The opinion of the court was delivered by: COSTANTINO
COSTANTINO, District Judge.
This is an action brought pursuant to 42 U.S.C. § 1983 against an attorney who had been retained to represent the plaintiff in various state matters. The crux of the complaint is that defendant inadequately represented plaintiff's interests in those cases. The case is, in effect, an action for legal malpractice, and is not cognizable under § 1983 since there is a total absence of state action as required by that section. Accordingly, the complaint must be dismissed.
The court is not unmindful of recent decisions of the Court of Appeals for the Second Circuit which have suggested that pro se civil rights complaints should not be dismissed sua sponte prior to the service of the summons or the filing of an answer or a motion to dismiss. Lewis v. New York, 547 F.2d 4 (2d Cir. 1976); Mawhinney v. Henderson, 542 F.2d 1 (2d Cir. 1976); Burgin v. Henderson, 536 F.2d 501 (2d Cir. 1976); Frankos v. LaVallee, 535 F.2d 1346 (2d Cir. 1976). However, those cases dealt with complaints by inmates against prison officials, and were therefore cases, unlike this case, in which the threshold requirement of state action was at least arguably present.
In Lewis v. New York, supra, the Court of Appeals relied upon Bell v. Hood, 327 U.S. 678, 66 S. Ct. 773, 90 L. Ed. 939 (1946), for the proposition that a trial court cannot dismiss a complaint for failure to state a claim until it has assumed jurisdiction over the controversy, which occurs after an adverse party has been joined. 547 F.2d at 6. However, in a footnote in Lewis, the Court of Appeals recognized that " Bell does provide that a complaint may be dismissed prior to assuming jurisdiction if it is either 'frivolous' or the federal claim is 'immaterial and made solely to obtain jurisdiction.'" 547 F.2d at 6, n. 5.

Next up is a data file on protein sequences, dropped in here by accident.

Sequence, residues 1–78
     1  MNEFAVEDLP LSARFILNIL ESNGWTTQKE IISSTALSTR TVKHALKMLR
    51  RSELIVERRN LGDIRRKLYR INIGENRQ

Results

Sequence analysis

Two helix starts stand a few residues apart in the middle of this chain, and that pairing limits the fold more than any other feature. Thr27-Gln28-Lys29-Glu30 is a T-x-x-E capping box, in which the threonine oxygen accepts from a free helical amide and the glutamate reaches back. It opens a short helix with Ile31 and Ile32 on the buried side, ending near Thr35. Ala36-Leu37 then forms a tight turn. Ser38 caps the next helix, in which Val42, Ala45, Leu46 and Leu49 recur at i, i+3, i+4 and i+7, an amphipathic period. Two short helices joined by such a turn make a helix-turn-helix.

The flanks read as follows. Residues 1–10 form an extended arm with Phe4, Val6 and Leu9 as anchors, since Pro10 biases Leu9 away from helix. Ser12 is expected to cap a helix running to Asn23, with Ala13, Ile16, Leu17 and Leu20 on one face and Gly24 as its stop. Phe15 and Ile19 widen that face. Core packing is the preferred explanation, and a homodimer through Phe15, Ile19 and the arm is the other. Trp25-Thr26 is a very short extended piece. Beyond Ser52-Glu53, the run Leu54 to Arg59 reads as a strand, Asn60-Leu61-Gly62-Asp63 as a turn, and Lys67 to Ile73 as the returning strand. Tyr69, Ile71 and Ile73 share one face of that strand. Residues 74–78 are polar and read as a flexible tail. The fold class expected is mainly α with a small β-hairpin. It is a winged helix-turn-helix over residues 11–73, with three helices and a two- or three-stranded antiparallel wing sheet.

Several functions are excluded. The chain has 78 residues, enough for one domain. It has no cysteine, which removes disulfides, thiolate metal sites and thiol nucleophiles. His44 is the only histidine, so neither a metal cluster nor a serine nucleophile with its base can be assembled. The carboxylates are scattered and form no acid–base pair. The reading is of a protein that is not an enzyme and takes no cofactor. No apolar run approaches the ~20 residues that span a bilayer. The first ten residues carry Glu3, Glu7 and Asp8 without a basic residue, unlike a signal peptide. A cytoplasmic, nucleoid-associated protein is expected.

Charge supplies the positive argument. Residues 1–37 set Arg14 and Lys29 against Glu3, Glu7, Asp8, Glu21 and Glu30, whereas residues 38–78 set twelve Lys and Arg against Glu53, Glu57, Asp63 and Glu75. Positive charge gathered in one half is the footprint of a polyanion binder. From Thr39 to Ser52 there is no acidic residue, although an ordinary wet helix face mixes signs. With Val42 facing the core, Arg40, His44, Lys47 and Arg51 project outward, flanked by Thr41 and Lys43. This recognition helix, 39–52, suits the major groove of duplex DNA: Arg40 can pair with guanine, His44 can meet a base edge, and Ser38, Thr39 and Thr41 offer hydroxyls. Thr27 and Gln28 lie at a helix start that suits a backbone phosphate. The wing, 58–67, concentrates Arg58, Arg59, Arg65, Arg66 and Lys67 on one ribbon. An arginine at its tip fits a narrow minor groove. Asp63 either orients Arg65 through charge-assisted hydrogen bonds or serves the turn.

In this case, the claim of state action, which is essential to the invocation of § 1983, is clearly frivolous. This court cannot believe that the Court of Appeals intended that sua sponte dismissal should be avoided even in cases such as this, where there is no conceivable basis for liability under § 1983. Accordingly, the court is of the opinion that in this particular case, such dismissal would not be inappropriate. Nor would such dismissal be inconsistent with Lewis, supra, Mawhinney, supra, Burgin, supra, and Frankos, supra. Accordingly, the complaint, insofar as it alleges jurisdiction pursuant to § 1983, is dismissed.
Plaintiff also invokes the jurisdiction of this court pursuant to 28 U.S.C. § 1331, claiming that his action arises under the Constitution and laws of the United States. A reading of the complaint, however, makes it clear that plaintiff's assertion of jurisdiction under § 1331 is unsupported by the allegations contained therein.
The complaint, at page 3, states that "generally stated," the allegations against the defendant are as follows:
Willfull [sic] neglect of a legal matter; knowing failure to return all legal papers belonging to plaintiff; failure to reinburse [sic] monies given to defendant to appear at Court in behalf of plaintiff's wife, Mrs. Elaine Sommer; unjustifiable failure to process an appeal after being retained to do so; neglect of legal matters. . . .
None of the allegations in the complaint state a federal claim under 28 U.S.C. § 1331. The claim of jurisdiction pursuant to that section is clearly frivolous, see Bell v. Hood, supra; Lewis v. New York, ...